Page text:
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Volume 18 Issue 6, June 2019

Volume 18 Issue 6

Machine learning in drug discovery and development, inspired by the Review on p463.

Cover design: Susanne Harris. Original brain image credit: CallMeTak/iStock/Getty Images Plus.


  • Comment |

    It is increasingly important that regulatory agencies catalyse the translation of scientific and technological innovation into improved patient-centred health care. Here, we highlight the strategic goals of the European Medicines Agency to advance regulatory science and optimize the opportunities arising in areas such as cell and gene therapies, big data and artificial intelligence.

    • Philip A. Hines
    • Richard H. Guy
    • Marisa Papaluca-Amati

News & Analysis

  • News |

    Inhibitors of the innate immune system’s NLRP3 inflammasome promise potential in Parkinson disease, Alzheimer disease, non-alcoholic steatohepatitis, gout and much more, catching the eye of Novartis, Genentech and others.

    • Asher Mullard
  • News in Brief

  • Biobusiness Briefs

  • An Audience With

  • An Audience With |

    As a child, John Tsai used to take apart his older brother’s toys to see how they were made. This curiosity propelled him into a career first as an electrical engineer, and then on to medical school and into drug development. Last year he joined Novartis as head of global drug development and Chief Medical Officer, after nearly 20 years at Pfizer, Bristol-Myers Squibb and Amgen. At Novartis he is now overseeing, amongst other things, the company’s embrace of advanced therapies — including its gene therapy Zolgensma for spinal muscular atrophy. He spoke with Asher Mullard about applying an engineering mindset to drug development, the opportunities for operational efficiencies in clinical science and the future of advanced therapies at Novartis.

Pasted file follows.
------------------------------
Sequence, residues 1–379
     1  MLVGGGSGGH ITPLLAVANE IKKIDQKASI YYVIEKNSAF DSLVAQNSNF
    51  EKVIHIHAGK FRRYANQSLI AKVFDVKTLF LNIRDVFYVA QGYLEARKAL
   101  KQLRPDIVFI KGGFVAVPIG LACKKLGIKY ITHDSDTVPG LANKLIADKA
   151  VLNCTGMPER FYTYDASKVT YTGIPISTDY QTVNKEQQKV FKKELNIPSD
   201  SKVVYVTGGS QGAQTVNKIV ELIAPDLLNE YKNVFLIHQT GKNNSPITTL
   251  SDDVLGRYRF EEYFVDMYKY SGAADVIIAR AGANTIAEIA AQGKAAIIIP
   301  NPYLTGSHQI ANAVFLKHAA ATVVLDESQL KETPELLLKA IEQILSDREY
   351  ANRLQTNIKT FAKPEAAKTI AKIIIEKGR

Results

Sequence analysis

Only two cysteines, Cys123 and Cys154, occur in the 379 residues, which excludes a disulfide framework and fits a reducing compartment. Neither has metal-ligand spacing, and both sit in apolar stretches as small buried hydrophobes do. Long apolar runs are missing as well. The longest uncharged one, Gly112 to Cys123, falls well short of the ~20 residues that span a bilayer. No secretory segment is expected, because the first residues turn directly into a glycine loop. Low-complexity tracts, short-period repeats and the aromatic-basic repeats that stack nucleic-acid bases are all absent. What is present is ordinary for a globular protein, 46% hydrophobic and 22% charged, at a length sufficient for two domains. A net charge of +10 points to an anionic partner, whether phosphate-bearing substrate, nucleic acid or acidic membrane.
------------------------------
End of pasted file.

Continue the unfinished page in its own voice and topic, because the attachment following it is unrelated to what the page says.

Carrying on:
• Asher Mullard
  • From the Analyst's Couch

Research Highlights


  • Review Article |

    The recent approval of the first RNA interference (RNAi)-based therapy has generated considerable excitement in the field. Here, Rossi and colleagues discuss key advances in the design and development of RNAi drugs leading up to this landmark achievement, assess the current clinical pipeline and highlight future opportunities and challenges for RNAi-based therapeutics.

    • Ryan L. Setten
    • John J. Rossi
    • Si-ping Han
  • Review Article |

    Advances in the design of vectors based on retroviruses, such as lentiviruses and gammaretroviruses, have led to improvements in the safety and stability of gene therapies directed at haematopoietic stem and progenitor cells. In this Review, Cavazzana and colleagues discuss the results from recent clinical trials of retroviral vectors for the treatment of genetic disorders, including severe combined immunodeficiencies and β-haemoglobinopathies (β-thalassaemia and sickle cell disease). They highlight the progress made and the remaining challenges in applying gene therapies more broadly.

    • Marina Cavazzana
    • Frederic D. Bushman
    • Emmanuelle Six
  • Review Article |

    Machine learning has been applied to numerous stages in the drug discovery pipeline. Here, Vamathevan and colleagues discuss the most useful techniques and how machine learning can promote data-driven decision making in drug discovery and development. They highlight major hurdles in the field, such as the required data characteristics for applying machine learning, which will need to be solved as machine learning matures.

    • Jessica Vamathevan
    • Dominic Clark
    • Shanrong Zhao


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